Baseball fans around the world rejoice: Mighty Casey will get another chance. The players and owners reached a historic collective bargaining agreement this afternoon, averting the ninth work stoppage in the sport's history.

More than a few publicly traded companies were biting their nails as the future of the 2002 season hung in the balance. Let's go over a few of these Cracker Jack stocks.

While a few companies have ownership ties with individual major league teams, they're usually large conglomerates with more going on than a 3-2 count with the bases loaded in the bottom of the ninth. In short, News Corp(NYSE: NWS) has bigger fish to fry than what happens to its Los Angeles Dodgers team. But a company like Disney(NYSE: DIS) had more at stake. Beyond the fact that Disney's Anaheim Angels are a playoff contender this year, and wiping out the World Series (like eight years ago) would leave fans fuming, Disney also owns ESPN. The station would have needed to fill voids in baseball coverage and appease advertisers.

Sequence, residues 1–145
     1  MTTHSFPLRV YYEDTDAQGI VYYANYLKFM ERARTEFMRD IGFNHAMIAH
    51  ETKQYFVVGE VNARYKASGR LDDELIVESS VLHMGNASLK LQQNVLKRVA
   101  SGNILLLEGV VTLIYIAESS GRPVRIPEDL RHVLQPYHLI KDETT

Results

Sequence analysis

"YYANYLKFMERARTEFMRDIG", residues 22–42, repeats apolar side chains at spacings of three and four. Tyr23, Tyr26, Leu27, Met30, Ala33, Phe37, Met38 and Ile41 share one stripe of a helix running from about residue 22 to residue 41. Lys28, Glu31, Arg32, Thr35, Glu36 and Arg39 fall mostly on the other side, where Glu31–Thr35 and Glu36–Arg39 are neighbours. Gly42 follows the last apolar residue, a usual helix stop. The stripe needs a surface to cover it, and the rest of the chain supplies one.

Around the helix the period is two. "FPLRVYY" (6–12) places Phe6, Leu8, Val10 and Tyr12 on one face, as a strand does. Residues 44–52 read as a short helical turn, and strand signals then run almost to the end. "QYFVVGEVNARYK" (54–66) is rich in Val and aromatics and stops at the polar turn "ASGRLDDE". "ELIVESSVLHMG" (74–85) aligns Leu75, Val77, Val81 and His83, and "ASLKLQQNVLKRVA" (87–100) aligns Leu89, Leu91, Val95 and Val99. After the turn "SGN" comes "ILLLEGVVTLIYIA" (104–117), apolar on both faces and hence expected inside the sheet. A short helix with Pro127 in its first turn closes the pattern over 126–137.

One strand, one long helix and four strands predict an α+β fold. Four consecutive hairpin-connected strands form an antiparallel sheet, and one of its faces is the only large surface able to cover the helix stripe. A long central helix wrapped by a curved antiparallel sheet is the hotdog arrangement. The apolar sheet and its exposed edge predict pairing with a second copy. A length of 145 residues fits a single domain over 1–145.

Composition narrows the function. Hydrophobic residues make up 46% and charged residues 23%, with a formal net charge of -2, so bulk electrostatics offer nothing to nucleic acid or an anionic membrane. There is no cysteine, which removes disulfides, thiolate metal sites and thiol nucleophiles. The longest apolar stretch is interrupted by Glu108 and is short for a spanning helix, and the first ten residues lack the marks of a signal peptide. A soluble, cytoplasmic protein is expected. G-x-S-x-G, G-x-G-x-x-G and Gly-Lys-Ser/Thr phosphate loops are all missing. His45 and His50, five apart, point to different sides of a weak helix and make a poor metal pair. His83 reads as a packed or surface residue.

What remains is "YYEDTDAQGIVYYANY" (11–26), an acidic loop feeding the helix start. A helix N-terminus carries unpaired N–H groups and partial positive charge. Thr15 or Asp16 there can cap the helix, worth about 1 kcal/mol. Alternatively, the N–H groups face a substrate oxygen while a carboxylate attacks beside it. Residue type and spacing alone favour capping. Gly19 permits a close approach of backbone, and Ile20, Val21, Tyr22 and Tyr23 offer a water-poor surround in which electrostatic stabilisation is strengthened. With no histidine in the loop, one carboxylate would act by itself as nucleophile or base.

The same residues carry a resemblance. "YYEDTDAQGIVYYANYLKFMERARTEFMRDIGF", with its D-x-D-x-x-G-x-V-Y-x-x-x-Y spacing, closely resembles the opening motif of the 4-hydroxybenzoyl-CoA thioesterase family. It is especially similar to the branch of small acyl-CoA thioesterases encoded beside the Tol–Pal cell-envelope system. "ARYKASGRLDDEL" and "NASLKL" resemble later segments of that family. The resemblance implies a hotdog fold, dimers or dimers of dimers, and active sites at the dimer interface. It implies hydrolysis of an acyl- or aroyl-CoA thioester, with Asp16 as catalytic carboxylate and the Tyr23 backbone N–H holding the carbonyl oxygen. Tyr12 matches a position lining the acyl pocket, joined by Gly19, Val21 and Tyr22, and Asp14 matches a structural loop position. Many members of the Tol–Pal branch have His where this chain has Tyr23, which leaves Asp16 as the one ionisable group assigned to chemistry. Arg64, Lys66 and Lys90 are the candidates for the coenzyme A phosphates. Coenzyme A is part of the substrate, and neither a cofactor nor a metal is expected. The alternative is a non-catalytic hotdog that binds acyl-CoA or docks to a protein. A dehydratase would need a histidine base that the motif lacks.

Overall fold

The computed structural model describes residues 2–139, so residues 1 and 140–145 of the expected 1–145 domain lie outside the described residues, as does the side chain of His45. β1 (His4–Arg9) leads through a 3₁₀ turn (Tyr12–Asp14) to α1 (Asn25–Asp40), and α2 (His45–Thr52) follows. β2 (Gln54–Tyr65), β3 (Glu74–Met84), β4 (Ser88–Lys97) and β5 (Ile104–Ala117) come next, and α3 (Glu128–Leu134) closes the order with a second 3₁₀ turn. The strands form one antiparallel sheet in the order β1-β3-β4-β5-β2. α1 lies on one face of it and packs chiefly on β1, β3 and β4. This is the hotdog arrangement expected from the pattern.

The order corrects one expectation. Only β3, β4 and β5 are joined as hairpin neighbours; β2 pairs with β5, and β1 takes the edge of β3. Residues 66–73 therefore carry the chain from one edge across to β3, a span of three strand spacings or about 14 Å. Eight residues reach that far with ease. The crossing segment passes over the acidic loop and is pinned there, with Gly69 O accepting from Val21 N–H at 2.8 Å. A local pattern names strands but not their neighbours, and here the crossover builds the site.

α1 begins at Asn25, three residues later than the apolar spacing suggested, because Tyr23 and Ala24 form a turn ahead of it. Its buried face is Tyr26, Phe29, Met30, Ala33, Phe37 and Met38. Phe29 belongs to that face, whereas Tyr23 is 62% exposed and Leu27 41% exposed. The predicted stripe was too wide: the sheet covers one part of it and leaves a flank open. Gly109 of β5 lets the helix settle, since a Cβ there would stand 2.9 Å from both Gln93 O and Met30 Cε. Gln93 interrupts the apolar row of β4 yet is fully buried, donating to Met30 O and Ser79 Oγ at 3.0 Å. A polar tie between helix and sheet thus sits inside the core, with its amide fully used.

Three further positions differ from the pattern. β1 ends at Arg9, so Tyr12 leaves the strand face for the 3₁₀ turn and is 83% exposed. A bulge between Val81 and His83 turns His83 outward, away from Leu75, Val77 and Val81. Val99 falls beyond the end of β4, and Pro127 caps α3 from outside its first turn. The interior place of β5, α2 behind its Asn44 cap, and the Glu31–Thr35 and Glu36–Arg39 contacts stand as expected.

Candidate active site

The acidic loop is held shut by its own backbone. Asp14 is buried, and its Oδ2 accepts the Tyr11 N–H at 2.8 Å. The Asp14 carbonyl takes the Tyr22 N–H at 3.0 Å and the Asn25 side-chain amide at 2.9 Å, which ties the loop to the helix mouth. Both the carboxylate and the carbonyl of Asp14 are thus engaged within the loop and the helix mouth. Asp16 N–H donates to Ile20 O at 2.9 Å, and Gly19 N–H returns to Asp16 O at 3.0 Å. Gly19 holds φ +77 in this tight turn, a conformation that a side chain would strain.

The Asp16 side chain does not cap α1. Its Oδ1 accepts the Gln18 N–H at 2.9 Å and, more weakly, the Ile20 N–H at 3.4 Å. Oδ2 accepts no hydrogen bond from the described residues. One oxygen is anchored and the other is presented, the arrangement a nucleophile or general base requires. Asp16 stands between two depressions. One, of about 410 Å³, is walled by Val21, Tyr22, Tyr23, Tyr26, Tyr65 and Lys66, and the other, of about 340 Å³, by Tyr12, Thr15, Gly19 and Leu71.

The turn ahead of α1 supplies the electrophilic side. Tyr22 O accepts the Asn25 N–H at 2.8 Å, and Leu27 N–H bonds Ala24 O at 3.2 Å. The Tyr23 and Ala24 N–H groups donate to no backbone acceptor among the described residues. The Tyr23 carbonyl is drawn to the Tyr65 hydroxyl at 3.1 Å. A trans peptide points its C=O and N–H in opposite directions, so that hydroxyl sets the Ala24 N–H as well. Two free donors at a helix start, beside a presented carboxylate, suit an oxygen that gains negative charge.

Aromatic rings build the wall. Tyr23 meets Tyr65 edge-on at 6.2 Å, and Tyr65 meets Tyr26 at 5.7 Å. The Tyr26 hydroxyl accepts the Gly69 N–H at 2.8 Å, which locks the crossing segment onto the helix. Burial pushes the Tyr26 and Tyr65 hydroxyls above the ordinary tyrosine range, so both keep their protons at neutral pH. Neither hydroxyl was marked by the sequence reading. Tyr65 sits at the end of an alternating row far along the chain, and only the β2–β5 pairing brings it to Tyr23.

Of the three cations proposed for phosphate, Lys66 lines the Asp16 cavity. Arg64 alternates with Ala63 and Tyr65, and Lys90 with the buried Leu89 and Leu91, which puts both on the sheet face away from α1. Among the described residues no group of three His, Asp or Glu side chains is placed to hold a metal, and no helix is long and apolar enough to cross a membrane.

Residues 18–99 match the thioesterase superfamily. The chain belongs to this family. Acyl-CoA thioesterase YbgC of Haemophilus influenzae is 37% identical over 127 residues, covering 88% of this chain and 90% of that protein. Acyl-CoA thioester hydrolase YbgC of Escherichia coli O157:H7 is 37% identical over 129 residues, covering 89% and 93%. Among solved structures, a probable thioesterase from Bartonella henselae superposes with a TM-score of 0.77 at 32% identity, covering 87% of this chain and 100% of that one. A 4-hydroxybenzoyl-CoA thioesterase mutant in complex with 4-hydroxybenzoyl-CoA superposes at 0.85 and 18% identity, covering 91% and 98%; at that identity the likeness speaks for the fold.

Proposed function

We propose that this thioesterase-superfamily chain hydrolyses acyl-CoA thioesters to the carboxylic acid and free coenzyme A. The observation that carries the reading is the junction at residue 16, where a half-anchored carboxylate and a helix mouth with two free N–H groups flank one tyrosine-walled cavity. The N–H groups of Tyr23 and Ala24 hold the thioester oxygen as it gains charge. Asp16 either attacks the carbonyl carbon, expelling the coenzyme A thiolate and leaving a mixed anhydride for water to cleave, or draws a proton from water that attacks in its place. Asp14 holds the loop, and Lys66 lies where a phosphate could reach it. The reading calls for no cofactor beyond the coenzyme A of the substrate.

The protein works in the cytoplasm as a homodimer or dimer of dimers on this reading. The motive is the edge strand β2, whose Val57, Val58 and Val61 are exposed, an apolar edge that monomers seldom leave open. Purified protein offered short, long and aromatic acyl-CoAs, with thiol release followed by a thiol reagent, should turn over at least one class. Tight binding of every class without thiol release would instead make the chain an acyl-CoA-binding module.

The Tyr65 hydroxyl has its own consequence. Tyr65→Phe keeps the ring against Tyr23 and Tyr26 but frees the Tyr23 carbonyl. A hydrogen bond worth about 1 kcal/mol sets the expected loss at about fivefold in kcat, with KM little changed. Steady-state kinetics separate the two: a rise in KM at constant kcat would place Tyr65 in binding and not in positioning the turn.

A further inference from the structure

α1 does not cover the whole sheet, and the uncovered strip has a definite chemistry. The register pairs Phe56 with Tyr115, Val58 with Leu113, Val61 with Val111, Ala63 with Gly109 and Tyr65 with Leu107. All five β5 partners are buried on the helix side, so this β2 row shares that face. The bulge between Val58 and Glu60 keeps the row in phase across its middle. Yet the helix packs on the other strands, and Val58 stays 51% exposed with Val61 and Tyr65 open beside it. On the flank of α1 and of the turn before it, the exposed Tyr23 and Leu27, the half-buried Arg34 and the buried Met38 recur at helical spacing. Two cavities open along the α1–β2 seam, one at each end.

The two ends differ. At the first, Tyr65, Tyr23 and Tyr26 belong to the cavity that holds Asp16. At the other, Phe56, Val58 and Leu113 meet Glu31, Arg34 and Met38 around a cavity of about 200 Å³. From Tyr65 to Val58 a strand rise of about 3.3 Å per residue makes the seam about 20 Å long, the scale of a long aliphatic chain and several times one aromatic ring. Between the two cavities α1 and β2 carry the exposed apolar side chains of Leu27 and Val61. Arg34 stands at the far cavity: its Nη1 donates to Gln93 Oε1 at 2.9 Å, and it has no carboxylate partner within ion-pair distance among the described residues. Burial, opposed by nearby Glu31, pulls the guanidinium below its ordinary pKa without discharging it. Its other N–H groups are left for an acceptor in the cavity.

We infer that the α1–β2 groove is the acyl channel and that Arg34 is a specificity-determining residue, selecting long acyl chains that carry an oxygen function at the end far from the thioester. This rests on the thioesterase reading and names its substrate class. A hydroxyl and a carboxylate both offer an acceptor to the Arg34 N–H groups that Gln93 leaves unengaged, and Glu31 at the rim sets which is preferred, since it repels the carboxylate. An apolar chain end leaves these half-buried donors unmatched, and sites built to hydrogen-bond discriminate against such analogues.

Smaller companies would have taken even bigger relative hits. After hailing the large number of paying fantasy-baseball customers earlier this year, SportsLine(Nasdaq: SPLN) would have been forced to dole out at least partial refunds. That's hardly what the company needed when it's rolling out higher-profile football fantasy leagues. Then there's Topps(Nasdaq: TOPP), knowing sticks of gum just won't sell as well without complete season trading cards.

Don't forget companies that rely on the strength of baseball's merchandising. From athletic-apparel makers to sporting-goods retailers, baseball is more than just a game. And more than just fans are welcoming the "play ball" cry from the home-base umpire.